If you were told you could do a few simple things and be happier, what would you do?
A: Say, “Is that so? Tell me more?” and be open to giving it a shot?
– Or –
B: Run like a scalded cat the other way?
It’s an important question. How you answer it may be the difference between being alive and living. We’ve seen both answers along the path to the Happy LIFE – a self-propelled journey into creating “happy habits” – that is starting to make the rounds to employees of companies who think like we do at Life University. Perhaps predictably, their experience has been similar to ours at at LIFE U.
An esteemed colleague (translation: He’s a VP and way above my pay grade but I like him and he’s always been great to work with), summarized our Happy LIFE implementation like this: “All, here’s the truth for me. Remembering to compliment people is a challenge for me. After sending “gratitudes” through Happy LIFE, I now express my appreciation more. The program will sound kooky to some, but it works in at least one way for everyone.”
I’d have to agree with my esteemed colleague. But, unlike him, I’d say I’m fairly fluent in the language of affirmation (I have to be in order to balance out all the snarky things I say to get a laugh; in fact, I’d add Sharing Laughter as the sixth love language). That means that I love to notice things that I can genuinely compliment people about. For those who’ve read Gary Chapman’s book, “The 5 Love Languages,”* you’ll be familiar with Words of Affirmation as one of the five languages people use to express and receive love (and I’d say the same idea applies to kindness, too).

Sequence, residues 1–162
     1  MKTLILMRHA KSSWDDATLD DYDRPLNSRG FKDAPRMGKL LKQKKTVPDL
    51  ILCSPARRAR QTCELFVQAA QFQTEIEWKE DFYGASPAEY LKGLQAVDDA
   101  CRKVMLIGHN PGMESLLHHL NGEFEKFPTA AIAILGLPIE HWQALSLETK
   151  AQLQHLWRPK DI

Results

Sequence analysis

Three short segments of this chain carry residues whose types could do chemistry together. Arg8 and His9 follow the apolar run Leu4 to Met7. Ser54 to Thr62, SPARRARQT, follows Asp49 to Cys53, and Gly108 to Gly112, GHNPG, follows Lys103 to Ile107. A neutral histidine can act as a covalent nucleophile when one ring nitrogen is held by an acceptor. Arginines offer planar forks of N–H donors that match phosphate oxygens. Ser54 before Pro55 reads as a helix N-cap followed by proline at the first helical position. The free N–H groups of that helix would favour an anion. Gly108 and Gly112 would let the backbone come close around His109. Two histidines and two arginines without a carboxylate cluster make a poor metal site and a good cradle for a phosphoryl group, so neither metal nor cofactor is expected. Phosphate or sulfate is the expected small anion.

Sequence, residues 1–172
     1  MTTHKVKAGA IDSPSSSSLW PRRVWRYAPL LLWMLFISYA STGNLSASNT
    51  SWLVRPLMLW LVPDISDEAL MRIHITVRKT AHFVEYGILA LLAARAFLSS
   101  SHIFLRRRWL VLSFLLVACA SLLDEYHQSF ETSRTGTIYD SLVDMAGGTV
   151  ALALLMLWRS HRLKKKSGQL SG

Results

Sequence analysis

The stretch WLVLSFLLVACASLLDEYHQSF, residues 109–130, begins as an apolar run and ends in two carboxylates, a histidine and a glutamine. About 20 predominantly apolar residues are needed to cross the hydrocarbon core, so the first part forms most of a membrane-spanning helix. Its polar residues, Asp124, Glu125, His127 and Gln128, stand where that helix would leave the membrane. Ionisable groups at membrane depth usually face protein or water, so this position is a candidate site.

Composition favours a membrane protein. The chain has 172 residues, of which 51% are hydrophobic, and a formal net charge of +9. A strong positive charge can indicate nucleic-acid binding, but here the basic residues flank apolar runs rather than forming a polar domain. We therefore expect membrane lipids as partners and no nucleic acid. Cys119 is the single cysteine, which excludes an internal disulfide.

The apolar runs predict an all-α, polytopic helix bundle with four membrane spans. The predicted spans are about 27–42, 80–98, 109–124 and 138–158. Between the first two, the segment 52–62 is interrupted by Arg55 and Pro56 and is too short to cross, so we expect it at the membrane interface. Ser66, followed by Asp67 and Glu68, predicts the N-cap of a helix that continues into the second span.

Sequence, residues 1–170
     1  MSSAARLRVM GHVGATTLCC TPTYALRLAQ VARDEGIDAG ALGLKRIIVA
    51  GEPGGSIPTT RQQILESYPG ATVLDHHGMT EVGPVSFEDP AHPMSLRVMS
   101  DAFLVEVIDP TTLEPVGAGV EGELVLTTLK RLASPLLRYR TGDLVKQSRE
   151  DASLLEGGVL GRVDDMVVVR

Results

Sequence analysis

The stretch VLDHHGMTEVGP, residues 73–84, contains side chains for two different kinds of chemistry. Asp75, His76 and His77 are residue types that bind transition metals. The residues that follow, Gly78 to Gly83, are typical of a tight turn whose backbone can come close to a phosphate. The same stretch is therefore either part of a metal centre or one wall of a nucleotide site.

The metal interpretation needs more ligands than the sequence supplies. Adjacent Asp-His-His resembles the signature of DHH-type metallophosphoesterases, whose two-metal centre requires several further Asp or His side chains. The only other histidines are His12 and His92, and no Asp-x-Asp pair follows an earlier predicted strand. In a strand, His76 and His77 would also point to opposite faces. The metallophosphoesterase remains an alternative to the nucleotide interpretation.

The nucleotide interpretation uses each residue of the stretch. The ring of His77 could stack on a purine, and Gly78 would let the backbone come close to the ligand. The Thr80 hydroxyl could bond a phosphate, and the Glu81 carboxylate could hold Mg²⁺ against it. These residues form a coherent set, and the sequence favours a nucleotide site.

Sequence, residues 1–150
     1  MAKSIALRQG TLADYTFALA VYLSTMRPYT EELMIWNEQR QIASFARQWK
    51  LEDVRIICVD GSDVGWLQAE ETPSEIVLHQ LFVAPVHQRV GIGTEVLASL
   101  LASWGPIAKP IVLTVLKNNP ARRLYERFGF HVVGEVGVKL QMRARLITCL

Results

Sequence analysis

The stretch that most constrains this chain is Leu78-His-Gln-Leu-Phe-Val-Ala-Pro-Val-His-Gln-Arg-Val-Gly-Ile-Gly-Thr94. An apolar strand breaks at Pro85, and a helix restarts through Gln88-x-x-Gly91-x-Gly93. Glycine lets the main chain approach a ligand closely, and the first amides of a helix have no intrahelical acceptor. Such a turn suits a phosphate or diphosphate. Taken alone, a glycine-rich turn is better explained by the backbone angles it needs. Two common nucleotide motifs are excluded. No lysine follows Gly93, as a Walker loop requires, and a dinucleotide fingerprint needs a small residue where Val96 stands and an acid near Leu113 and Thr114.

But, I digress. What I found was this: As a result of writing emails expressing appreciation for those who’ve made a real difference in my life, I’ve become less self-conscious about following my natural tendency to be complimentary. Now, I don’t feel like a complete fool for complimenting even strangers if I happen to notice something I admire about them. And, best of all, I’m finding that, even if a couple of the people I compliment make cracks or look at me like I’m deranged, most people seem pleased as punch to be complimented and thank me for it, often quite warmly. It’s like we’ve just given each other gifts that are free and that fit perfectly – gifts we can wear in our hearts.
So, if some ol’ broad passes you on the street and says, “That color is perfect for you; everything you wear should include that color!” just believe her. You look great.
*Gary Chapman’s 5 Love Languages are: 1) Words of Affirmation, 2) Acts of Service, 3) Receiving Gives, 4) Quality Time and 5) Physical Touch.